Sunday, September 26, 2010

Book Review

Just got an email to say my latest review for the Review of Biblical Literature has been published online. It's of Sacred Tropes: Tanakh, New Testament, and Qur'an As Literature and Culture, edited by Roberta Sabbath and costing a mere $241 on Amazon at the moment.

Monday, September 20, 2010

New Wardobe Addition

This rather goovy item of clothing can easily be shipped in time for my birthday (hint, hint)

The Faddan More Psalter

I'm still playing catch up from by blog-break and meant to post this ages ago:

From the Irish Independent 5th September 2010
The Faddan More Psalter, a remarkable 1,200-year-old manuscript found in a north Tipperary bog four years ago, has provided astonishing evidence of links between the early Christian Church in Ireland and the Middle Eastern Coptic Church.

As a painstaking conservation process came to its conclusion, tiny fragments of papyrus were discovered in the lining of the Egyptian-style leather binding of the manuscript, which was unearthed by Eddie Fogarty in a mechanical digger in the townland of Faddan More, not far from Birr, in July 2006.

The discovery of Egyptian papyrus represents the first tangible connection between early Irish Christianity and the Middle-Eastern Coptic Church and has confounded some of the accepted theories about the history of early Christianity in Ireland.

Four years ago the find was heralded by Dr Pat Wallace, director of Ireland's National Museum, as "the most important day in the history of the museum since 1868 when the Ardagh Chalice came in".

The four-year conservation process has strengthened that view.

"It was a miraculous thing that the manuscript survived at all. It was found by Mr Fogarty who was cutting turf.

"It was also remarkable that Mr Fogarty and the family he was working for, the Leonards of Riverstown, were familiar with the work of the National Museum and knew exactly what to do to protect a manuscript found in wet bog.

"They immediately covered it with wet turf and this was absolutely vital in preserving the manuscript. If they hadn't done that it would have been obliterated in a few hours in the sunshine," Dr Wallace told the Sunday Independent.

The fragmented illuminated vellum manuscript encased in an unusual leather binding is a book of psalms dating back to the late Eighth Century but its origins remain a mystery.

One suggestion is that the Psalter was dumped in the bog along with a crumpled leather bag and an animal pelt to hide the book, both of which were well preserved.

The manuscript sat upright in the bog for over 1,000 years suggesting it may have been thrust into the soaking wet ground as the holder fled.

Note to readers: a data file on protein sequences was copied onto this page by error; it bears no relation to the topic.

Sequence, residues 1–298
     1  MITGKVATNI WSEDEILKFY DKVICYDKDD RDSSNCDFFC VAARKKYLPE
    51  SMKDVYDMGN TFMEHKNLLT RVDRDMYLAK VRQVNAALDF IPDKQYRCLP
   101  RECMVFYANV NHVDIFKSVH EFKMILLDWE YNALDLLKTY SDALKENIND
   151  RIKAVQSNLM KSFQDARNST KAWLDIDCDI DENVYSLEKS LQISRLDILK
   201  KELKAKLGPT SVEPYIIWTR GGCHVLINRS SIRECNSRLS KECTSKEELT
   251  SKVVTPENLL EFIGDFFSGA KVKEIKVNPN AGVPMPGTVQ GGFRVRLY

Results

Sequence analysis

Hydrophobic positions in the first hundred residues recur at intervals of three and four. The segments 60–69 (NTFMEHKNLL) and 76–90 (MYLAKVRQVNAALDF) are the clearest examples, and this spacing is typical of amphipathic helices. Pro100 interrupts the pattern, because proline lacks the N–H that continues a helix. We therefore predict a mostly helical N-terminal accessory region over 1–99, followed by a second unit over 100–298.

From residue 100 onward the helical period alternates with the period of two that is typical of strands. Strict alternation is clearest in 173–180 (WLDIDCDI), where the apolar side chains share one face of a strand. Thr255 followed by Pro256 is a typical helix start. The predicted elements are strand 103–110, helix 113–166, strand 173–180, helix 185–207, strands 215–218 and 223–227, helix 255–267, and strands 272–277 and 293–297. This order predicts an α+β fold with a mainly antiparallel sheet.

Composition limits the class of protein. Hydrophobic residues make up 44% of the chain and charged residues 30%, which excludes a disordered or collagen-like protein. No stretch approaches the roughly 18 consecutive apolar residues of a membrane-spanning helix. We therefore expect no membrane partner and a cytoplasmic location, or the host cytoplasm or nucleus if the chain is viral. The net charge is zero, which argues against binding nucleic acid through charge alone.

There was an ancient monastery in Birr but no links to that site were discovered during the conservation process, which was filmed over the last four years by Crossing the Line Films. The film will be shown on Tuesday on RTE One at 10.15pm.

The documentary follows leading Irish book conservator John Gillis as he set about preserving and conserving this unique find.
The Eighth Century manuscript will go on public display for the first time at the National Museum next year and will form the centrepiece of a permanent exhibition.

Dr Wallace said the psalter was so rare and important it now ranks among the top 10 of the thousands of objects in the national collection.

He said the work by senior conservator, John Gillis, 49, who is on secondment from Trinity College was of international importance.
"His achievement has been quite remarkable."

See the National Museum info on the Psalter with progress report

Some Films for use in class-Bruce Almighty & Evan Almighty

Horrific puns aside, these two comedy films are useful in a debate on the images of God (one suspects that God himself would be pleased with the choice of Morgan Freeman playing him in both films).

Interestingly, Freeman's God is far more the God we see revealed in Jesus than the God of the original flood story. When Evan questions his motives he replies "let's just say that whatever I do I do it because I love you". It seems to contrast with his prediction of a flood, but ultimately he's shown to be true to his word.

Perhaps the most significant aspect of the God of the ‘Almighty’ franchise is that he's a God who prefers to work through his people. While he may laugh at their plans, and use their prayers as an opportunity for growth, he longs to make the world a better place primarily by relying on "one act of random kindness at a time". Bruce Almighty also deals with the themes of injustice in this world, our response to God, and the goodness of God’s authority over our lives.

Have a look at some theological investigations of the film. Lessons about prayer. The Bible Society get in on the act.

Thursday, September 9, 2010

Reading the Qur'an

Picture I took in the Museum of Berlin-books are stuck to the floor and videos are shown of Nazis burning books they disagreed with. I didn't even like walking over them on the floor...